We all know where the water isn’t. It’s missing from streams, lakes, reservoirs and the snowpack.
I think I know where the water is, and what to do, plus save money. We need to cut down a lot of trees and plants in the Sierra – half or more. I’ve already started at my place.
We Californians started attacking and extinguishing wildfires pretty aggressively around 100 years ago. When I was younger, I fought fires, covered them for the press and had them at my own Sierra home, so I’m generally in favor of this.
But over the years, while fires were contained, trees and brush thrived, growing from covering about 30 percent of these mountains to 60 percent or more. And we’re kind of stuck; it has become not just convenient to fight fires, but urgent. With all that fuel – those small trees and brush – the fires burn really, really hot and destructively. Plus the forest lands are filling with homes like mine.
So in California we now spend as much as $1 billion a year on fighting wildfires – not all that successfully, either. Oh, and at my house we’re now paying a yearly Cal Fire assessment, plus a special fee to support our local volunteer department. Also, our fire insurance premiums are way up.
I propose we get out of this trap and make a large dent in our water problem, too.
The existing Sierra forests are not healthy. Around our place, which is largely surrounded by overgrown, brushy, tangled Sierra National Forest, even the deer have trouble getting around. It’s just too dense. Odd thing is the U.S. Department of Agriculture, which manages the national forest, is helping me fix my private ground. Its Natural Resources Conservation Service is paying me to thin and trim the 40 acres I own, making it into a healthy forest.
Tractors and a hand crew – soon to turn to wildfire duty – are tearing up decades of undergrowth, piling it for a masticator, a 30-foot tall beast that reduces brush and trees to a deep mulch. What will remain when they’re done is a mixed forest of pine and oak, the trees 20 feet apart, limbed so a grass fire won’t jump into the branches. Happy deer, happy me.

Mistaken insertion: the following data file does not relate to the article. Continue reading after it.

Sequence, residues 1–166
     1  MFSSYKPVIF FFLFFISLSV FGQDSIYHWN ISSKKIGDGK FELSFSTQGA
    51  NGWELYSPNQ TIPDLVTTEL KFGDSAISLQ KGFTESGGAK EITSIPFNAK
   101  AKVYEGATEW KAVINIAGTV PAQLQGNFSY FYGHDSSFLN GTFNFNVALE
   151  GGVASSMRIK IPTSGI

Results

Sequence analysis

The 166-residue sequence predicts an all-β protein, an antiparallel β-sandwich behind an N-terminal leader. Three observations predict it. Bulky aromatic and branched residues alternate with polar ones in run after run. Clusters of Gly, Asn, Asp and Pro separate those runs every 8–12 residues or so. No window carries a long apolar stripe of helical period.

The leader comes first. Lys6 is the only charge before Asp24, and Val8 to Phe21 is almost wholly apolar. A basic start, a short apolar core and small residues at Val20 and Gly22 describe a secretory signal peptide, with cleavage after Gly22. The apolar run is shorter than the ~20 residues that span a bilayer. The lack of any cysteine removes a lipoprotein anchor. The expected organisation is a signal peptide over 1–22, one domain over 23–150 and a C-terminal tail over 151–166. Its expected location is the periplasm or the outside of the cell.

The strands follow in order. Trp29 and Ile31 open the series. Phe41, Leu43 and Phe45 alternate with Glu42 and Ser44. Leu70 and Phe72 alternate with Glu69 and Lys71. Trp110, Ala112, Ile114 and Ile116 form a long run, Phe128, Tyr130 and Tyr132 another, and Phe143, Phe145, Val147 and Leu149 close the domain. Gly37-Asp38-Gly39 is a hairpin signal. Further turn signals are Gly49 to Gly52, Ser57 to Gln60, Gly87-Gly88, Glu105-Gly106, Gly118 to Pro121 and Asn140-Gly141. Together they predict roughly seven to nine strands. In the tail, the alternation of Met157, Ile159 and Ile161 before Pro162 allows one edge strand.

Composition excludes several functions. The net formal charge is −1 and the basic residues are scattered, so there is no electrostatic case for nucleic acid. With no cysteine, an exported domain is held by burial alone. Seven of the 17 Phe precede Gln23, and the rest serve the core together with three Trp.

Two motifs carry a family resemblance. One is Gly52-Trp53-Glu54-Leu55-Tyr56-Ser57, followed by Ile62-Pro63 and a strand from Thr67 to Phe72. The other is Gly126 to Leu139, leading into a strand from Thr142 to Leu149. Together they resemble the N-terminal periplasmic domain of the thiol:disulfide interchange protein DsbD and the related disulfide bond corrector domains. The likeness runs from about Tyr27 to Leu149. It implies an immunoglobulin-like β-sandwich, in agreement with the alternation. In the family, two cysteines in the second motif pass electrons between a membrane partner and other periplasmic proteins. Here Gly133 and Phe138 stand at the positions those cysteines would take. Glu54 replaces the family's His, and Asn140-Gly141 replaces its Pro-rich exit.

Ironically, the public lands around me will still be an untouched fire hazard. The additional irony is it costs at least three times as much per acre to fight a wildfire as the Department of Agriculture is paying to clean up my place.
And here’s the water part. Trees take water; a big one can draw 100 gallons a day out of the ground. All that junk forest in California is sucking up water that should be filling my spring and well and flowing downhill toward the rest of you. Rain and snow that falls on the overly dense canopy of leaves and branches evaporates into the air instead of leaching into the ground.
At a water problems meeting I went to in Mariposa this spring, a UC Merced professor named Roger Bales said that doing to the Sierra what I’m doing at my place might increase stream flows as much as 30 percent. If this research holds up, it’s like discovering a new California river that’s been here all along.
There is no way to build our way out of a drought, let alone climate change. Build a dam, spend a fortune, buy a few weeks. The Sierra is essentially our largest storage pool and we’re wasting it. California’s water system depends heavily on snow melting slowly over the summer and trickling down into reservoirs. Every year we lose millions of gallons of water to ugly, crowded, unhealthy forests. And we’re spending that billion bucks a year trying to keep fire from burning off the unhealthiness. Lose-lose, seems to me.
Instead there should be an army of crews in the Sierra doing what they’re already doing at my house – forest restoration. It’s cheaper than battling wildfires, much less expensive than building new dams and tunnels, prettier, better for growing trees, and a splendid new water source to get us through the coming dry times. Win-win, as they say.
Tom DeVries is a print and television writer who lives at 4,000 feet in Mariposa County.